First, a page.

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Children born to older dads may have a higher risk of health problems

Women are constantly reminded of their intersecting biological clocks and the risks associated with bringing children later in life –…

Women are constantly reminded of their intersecting biological clocks and the risks associated with bringing children later in life – both in maternity and child health, and the ability to understand a baby in the first place. But for the most part, you do not get the same warnings.

A new study published Wednesday in BMJ suggests that even men can have biological watches worthy to meet. Children born to older fathers, says the paper, may be more susceptible to health problems, including premature birth, low birth weight and breathing difficulties. And women who have older elderly children may also have an increased health risk – especially pregnancy diabetes.

“From an evolutionary point of view, we are used to reproducing in late teens, early twenties,” says study coauthor Dr Michael Eisenberg, director of male reproductive medicine and surgery at Stanford University Medical Center. “Everything but it may have some potential biological risk associated with it.”

Despite our evolutionary roots, American women have more and more children later in life, partly because many people work with careers and education before starting families. Father age seems to follow the same pattern. Between 1

972 and 2015, median age for paternity increased from 27.4 to 30.9 years, and the proportion of fathers over 40 increased to about 9%, a study from 2017.

Much has been made of the health problems associated with “geriatric pregnancies” such as higher odds for the previous child, birth weight with low infants and pregnancy diabetes and high blood pressure for the mother, both of which can affect the development of infants and lead to complications. Eisenberg and his colleagues decided to determine if similar dangers concern older fathers.

Using data from the National Vital Statistics System, they analyzed the over 40 million living born in the United States between 2007 and 2016. (During this period, the Middle Ages increased from 30 to 31.2 years.) They sorted The children of these children in five age groups – younger than 25, 25-34, 35-44, 45-54 and over 55 – and looked at child health measures within each of these categories.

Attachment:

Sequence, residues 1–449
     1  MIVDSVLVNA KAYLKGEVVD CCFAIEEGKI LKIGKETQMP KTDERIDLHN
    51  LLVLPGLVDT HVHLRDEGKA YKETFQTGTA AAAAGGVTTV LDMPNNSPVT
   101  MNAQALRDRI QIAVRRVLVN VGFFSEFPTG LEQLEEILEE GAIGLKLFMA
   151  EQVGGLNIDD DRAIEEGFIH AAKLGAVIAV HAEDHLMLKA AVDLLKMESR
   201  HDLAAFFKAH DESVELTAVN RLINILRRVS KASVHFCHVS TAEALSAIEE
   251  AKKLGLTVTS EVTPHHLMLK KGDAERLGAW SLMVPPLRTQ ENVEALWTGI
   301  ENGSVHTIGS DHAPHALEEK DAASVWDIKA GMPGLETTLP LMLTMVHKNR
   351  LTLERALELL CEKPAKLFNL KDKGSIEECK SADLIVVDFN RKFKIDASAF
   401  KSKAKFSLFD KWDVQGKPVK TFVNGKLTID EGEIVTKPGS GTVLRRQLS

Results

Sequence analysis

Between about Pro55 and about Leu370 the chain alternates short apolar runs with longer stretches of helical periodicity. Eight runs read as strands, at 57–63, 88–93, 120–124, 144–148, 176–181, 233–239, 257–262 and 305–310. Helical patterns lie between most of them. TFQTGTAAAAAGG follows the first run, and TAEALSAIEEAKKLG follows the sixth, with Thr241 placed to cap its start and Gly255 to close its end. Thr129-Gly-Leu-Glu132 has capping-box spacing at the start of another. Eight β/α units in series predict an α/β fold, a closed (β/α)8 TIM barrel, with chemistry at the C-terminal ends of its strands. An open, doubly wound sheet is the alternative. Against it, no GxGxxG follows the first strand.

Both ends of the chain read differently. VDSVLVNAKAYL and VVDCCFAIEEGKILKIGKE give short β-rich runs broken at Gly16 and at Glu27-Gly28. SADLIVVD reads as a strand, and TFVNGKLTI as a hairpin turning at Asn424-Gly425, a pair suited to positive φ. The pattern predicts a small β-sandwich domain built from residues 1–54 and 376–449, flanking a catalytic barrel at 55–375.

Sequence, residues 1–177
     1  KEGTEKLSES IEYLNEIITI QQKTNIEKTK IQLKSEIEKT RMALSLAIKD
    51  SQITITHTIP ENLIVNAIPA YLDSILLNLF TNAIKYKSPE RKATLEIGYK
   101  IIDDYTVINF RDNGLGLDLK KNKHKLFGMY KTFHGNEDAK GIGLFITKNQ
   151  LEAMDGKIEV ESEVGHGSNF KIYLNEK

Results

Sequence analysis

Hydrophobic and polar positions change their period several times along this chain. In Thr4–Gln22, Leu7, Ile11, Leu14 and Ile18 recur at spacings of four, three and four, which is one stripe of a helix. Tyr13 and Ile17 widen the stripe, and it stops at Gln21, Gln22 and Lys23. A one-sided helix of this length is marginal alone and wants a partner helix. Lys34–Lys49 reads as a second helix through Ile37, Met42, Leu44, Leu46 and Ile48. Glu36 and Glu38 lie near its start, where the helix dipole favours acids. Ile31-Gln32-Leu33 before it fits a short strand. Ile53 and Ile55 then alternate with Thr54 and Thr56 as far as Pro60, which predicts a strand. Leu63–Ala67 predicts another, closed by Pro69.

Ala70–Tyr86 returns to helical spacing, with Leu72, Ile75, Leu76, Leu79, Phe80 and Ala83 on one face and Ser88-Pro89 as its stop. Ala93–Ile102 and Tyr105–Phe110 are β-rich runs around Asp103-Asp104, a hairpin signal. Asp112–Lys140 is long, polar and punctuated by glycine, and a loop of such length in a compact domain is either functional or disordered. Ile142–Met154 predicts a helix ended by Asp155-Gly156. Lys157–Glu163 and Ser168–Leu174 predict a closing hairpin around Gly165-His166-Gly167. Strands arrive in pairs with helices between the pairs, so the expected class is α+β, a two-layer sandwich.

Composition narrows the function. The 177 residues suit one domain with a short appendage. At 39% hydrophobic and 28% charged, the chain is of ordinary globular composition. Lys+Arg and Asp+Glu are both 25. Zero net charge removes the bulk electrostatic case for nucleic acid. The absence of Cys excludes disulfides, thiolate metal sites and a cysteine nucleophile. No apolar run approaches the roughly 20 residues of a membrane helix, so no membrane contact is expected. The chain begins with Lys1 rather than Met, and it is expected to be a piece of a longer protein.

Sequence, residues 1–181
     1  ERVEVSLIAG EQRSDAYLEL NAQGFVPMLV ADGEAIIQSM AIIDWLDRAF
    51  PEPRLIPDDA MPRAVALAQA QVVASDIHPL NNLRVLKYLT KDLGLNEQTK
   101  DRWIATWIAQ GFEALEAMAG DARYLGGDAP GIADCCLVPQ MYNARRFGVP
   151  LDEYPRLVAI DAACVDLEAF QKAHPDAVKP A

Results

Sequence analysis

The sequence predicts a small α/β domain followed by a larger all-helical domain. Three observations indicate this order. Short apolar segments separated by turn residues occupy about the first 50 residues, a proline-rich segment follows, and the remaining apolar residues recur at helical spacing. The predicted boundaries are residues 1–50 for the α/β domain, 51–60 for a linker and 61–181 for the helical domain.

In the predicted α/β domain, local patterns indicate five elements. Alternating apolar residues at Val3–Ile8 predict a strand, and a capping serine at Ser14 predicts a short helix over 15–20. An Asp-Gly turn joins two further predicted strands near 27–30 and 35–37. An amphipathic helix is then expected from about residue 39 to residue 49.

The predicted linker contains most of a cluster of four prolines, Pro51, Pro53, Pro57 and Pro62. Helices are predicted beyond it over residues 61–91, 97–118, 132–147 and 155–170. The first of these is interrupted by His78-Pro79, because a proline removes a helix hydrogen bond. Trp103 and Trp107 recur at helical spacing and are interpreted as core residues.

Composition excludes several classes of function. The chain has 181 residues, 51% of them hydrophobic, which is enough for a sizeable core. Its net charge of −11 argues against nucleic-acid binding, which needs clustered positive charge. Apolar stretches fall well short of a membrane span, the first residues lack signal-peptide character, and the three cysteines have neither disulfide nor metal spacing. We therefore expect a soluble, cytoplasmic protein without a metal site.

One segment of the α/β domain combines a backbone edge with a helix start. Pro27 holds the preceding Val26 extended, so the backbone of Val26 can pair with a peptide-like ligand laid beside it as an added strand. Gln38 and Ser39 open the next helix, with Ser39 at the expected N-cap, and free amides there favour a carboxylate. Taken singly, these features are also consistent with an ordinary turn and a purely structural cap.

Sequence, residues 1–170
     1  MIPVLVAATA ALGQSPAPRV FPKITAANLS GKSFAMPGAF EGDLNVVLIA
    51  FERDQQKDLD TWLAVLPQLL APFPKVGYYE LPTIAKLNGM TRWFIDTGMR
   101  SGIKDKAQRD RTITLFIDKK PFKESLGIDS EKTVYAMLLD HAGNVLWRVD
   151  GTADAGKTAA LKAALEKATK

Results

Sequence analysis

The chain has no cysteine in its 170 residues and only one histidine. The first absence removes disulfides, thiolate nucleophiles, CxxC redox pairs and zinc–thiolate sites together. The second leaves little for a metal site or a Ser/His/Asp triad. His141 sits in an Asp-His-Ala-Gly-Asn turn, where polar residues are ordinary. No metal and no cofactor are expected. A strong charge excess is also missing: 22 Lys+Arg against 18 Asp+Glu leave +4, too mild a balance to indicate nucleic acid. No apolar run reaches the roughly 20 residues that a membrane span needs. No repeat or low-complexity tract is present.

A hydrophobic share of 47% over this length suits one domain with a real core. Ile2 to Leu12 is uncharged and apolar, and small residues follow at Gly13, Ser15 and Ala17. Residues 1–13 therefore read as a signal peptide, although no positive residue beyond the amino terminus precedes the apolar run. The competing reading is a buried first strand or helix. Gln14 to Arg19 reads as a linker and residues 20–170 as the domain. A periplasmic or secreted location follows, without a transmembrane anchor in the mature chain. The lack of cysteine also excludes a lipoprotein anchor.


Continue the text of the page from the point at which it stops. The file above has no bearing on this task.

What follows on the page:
After describing things like the age of the mother and the parents’ health and demographic information, researchers found a link between father’s age and likelihood of both the health and the child’s health problems. Significant associations began to be around 45 years old and the data indicate that older dangers, the higher the risk.

Compared with infants born to men aged 25-34, children with paper over 45 had a tendency to weigh less and had a 14% higher risk of premature birth. Babies born to men over 55 also tended to get lower scores on the Apgar test, a measure of newborn health that assesses things like heart rate, respiration and reflexes. These children also had a 10% higher risk of needing help and a 28% higher chance of being admitted to neonatal intensive care, researchers found.

Women with partners over 45 were also 28% more likely to develop pregnancy diabetes compared to women with partners between the ages of 25-34 years.

The new study joins previous research that has linked higher age with mental and behavioral health problems in children such as autism, hyperactivity disorder in attention deficit and bipolar disorder. While the reasons for these compounds, like those described in the new paper, are not entirely clear, they may have something to do with spontaneous genetic mutations that occur throughout the life of the human being, suggests research.

Men make continuous sperm, explains Eisenberg, which means that their cells constantly share and renew. Sometimes this process goes wrong, leading to approximately two random genetic mutations each year. The older a man is, the more of these mutations he accumulates over time, and the greater his chances of transmitting a harmful mutation, “says Eisenberg. Older men may also have experienced more epigenetic changes or modifications of DNA caused by the environment or lifestyle than younger men, he adds.

Eisenberg emphasizes that the absolute risk of child health problems remains small, even if the probability increases with the age of childhood. He is similar to the odds of buying lottery tickets: Your chance will be better if you buy two, but it’s still a long shot.

Eisenberg says, however, that accumulative evidence suggests that men should think carefully when they have children. “Most of the risk of being an older parent probably applies more to women than men, but I think this shows that you should not forget the man,” he says. “Men should not think of the track as unlimited.”

Write to Jamie Ducharme at [email protected]

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